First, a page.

# Homework Help: Centre of mass problem

1. Sep 17, 2006

### Reshma

Prove that the magnitude of R of the position vector for the centre of mass from an arbitrary origin is given by the equation:
$$M^2R^2 = M\sum m_ir_i^2 - {1\over 2}\sum m_i m_j r_{ij}^2$$

Well the centre of mass is given by:
$$\vec R = \frac{\sum m_i r_i}{M}$$

But squaring this doesn't seem to produce the result I require. I need more help.

2. Sep 17, 2006

### neutrino

I'm not too sure about this but I think it should work if you start working backwards - from the defintion of rij2, then multiply by -0.5mimj and then sum over the indices. My summation rules are a bit rusty.

Last edited: Sep 17, 2006
3. Sep 19, 2006

### Reshma

Work backwards? I will try that. My summation concepts are pretty outdated too.:yuck: Got to relocate my high school number theory text.

4. Sep 19, 2006

### Emanuel84

$M\vec{R} = \sum_i m_i \vec{r}_i$

Square it:

$M^2 R^2 = \sum_{i,j} m_i m_j \vec{r}_i \cdot \vec{r}_j \qquad (1)$

Then consider $\vec{r}_{i j} \equiv \vec{r}_i - \vec{r}_j \Longleftrightarrow r^2_{ij} = (\vec{r}_i - \vec{r}_j)^2 = r^2_i - 2 \vec{r}_i \cdot \vec{r}_j + r^2_j \Longleftrightarrow \vec{r}_i \cdot \vec{r}_j = \frac{1}{2}(r^2_i+r^2_j-r^2_{ij})$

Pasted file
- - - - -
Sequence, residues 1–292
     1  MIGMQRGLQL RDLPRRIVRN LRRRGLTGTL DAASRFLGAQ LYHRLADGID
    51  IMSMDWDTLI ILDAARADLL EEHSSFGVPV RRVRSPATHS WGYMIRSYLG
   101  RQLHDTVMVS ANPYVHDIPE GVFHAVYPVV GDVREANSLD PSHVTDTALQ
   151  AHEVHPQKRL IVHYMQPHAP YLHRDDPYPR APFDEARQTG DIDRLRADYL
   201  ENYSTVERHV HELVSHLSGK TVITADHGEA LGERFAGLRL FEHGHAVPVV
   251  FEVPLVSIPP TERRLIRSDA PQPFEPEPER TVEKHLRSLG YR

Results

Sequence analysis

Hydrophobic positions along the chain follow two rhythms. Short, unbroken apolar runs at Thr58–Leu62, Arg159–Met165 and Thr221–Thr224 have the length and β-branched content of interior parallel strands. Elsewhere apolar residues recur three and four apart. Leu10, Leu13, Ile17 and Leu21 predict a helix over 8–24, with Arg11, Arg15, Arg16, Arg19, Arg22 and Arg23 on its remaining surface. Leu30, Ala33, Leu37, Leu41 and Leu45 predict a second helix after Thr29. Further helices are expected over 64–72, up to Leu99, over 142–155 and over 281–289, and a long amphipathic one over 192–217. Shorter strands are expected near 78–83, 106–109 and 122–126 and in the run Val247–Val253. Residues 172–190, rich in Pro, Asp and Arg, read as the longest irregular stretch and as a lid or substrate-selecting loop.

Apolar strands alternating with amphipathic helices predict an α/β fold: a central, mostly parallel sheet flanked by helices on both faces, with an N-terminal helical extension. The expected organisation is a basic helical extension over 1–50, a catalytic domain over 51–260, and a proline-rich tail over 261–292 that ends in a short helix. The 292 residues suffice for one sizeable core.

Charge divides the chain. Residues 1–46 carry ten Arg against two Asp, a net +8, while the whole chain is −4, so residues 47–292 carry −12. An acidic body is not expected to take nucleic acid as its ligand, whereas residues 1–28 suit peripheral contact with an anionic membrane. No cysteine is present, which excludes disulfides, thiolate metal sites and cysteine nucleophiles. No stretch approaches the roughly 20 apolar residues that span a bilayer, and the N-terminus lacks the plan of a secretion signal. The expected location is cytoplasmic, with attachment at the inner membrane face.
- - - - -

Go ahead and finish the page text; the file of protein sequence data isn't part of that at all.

Insert the last relationship in (1) and you'll obtain:

$M^2 R^2 = \frac{1}{2} \sum_{i,j} m_i m_j (r^2_i+r^2_j-r^2_{ij}) = \frac{1}{2} \sum_{i,j} m_i m_j (r^2_i+r^2_j) - \frac{1}{2} \sum_i m_i m_j r^2_{ij} \qquad (2)$

Now, consider the first term of (2)'s rhs:

$\frac{1}{2} \sum_{i,j} m_i m_j (r^2_i+r^2_j) = \frac{1}{2}\sum_i m_i \left[\sum_j m_j (r^2_i + r^2_j) \right] = \frac{1}{2} \sum_i m_i \left[\sum_j m_j r^2_i + \sum_j m_j r^2_j \right] \qquad (3)$

But $\sum_j m_j r^2_i = M r^2_i$ so:

$\frac{1}{2} \sum_i m_i \left[\sum_j m_j r^2_i + \sum_j m_j r^2_j \right] = \frac{1}{2} \sum_i m_i \left[ M r^2_i + \sum_j m_j r^2_j \right] = \frac{1}{2} \left[ M \sum_i m_i r^2_i + \sum_i m_i \sum_j m_j r^2_j \right] = \frac{1}{2} \left[ M \sum_i m_i r^2_i + M \sum_j m_j r^2_j \right] =$

$= \frac{1}{2} M \left[ \sum_i m_i r^2_i + \sum_j m_j r^2_j \right]$

Because "j" is a summed index, you can call it "i" so (3) becomes:

$\frac{1}{2} \sum_{i,j} m_i m_j (r^2_i+r^2_j) = \frac{1}{2} M \left[ \sum_i m_i r^2_i + \sum_i m_i r^2_i \right] = M \sum_i m_i r^2_i \qquad (3)$

Finally, just insert rhs of (3) in (2) and that's it

Last edited: Sep 19, 2006
5. Sep 19, 2006

### neutrino

Very nicely done, Emanuel.

6. Sep 20, 2006

### Reshma

Bravo, Emanuel!